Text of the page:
To summarize, your proposal is that there are no more difficulty bits; rather than all miners working to produce blocks with a hash that is below a given number, they all work to produce the lowest hash they can within 10 minutes. Then whoever produced the lowest hash 'wins' and they send out the corresponding block which every other miner accepts in the chain.
Here's how I see it working in practice:
- Miners generate hashes for 9.5 minutes and then all start sending out their hashes ahead of the 10 minute deadline, because nobody wants to be 'late' for the 10 minute deadline, which would likely mean that their hashes would be rejected.
- Some miners miss some messages and so the 'winning' hash is not really well agreed-upon; different subsets of the network believe that the winning hash was different. So some number of 'winning' blocks get generated by each miner subset that saw a different winner.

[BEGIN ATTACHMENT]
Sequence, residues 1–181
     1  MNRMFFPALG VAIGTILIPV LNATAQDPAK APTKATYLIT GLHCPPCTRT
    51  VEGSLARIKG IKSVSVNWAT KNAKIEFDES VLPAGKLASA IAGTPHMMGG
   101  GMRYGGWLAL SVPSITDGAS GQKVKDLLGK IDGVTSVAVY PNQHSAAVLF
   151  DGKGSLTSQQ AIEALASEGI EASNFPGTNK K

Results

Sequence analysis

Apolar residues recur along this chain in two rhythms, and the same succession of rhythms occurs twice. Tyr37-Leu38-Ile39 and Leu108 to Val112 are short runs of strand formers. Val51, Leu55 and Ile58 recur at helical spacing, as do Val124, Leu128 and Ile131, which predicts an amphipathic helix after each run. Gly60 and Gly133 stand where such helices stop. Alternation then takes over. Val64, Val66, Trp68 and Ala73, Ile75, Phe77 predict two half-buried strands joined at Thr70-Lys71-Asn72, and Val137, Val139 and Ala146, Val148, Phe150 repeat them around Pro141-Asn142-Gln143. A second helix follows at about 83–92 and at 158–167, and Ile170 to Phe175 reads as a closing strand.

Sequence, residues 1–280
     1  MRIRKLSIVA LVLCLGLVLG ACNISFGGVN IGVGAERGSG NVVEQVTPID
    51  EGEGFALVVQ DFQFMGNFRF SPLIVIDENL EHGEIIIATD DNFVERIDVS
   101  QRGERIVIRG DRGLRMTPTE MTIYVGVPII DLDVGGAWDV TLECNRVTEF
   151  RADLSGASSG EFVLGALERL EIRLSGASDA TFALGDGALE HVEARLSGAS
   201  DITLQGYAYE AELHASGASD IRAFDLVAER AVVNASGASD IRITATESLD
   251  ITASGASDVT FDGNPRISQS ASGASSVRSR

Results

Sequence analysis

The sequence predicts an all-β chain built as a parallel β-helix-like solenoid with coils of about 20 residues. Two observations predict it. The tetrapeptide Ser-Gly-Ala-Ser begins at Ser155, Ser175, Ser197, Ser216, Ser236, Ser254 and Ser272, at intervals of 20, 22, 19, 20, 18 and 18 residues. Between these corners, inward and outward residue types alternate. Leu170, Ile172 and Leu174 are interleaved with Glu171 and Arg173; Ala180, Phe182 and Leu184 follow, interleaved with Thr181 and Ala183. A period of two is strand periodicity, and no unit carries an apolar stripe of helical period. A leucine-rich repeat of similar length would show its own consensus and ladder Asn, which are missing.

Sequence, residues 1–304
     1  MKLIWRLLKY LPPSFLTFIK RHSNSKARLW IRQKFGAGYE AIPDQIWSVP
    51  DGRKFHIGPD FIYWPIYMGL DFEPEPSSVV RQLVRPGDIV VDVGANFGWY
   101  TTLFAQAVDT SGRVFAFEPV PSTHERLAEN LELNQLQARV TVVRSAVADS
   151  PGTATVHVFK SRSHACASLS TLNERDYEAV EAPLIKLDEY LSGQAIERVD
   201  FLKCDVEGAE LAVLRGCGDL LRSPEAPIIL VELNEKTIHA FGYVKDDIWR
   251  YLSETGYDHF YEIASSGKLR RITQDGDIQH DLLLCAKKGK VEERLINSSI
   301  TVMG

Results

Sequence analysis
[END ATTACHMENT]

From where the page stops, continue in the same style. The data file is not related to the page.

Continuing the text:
- This process repeats itself and the block chain is fragmented endlessly
The thing to realize is that the existing bitcoin difficulty is meant to cause blocks to take on average 10 minutes to generate. This gives plenty of time for a generated block to propogate before other miners generate their own blocks and the block chain fragments. With your proposal, the time for blocks to propogate before fragmentation is the time between all of the hashes being sent out and miners deciding that they 'won' and send out blocks. I feel like this increases the chances of fragmentation greatly.
I think the effect would be the same as a difficulty that resulted in a block being generated on average every minute. Very frequently multiple miners at the same time would think they have the next block and would send it out, resulting in lots of fragmentation of the block chain.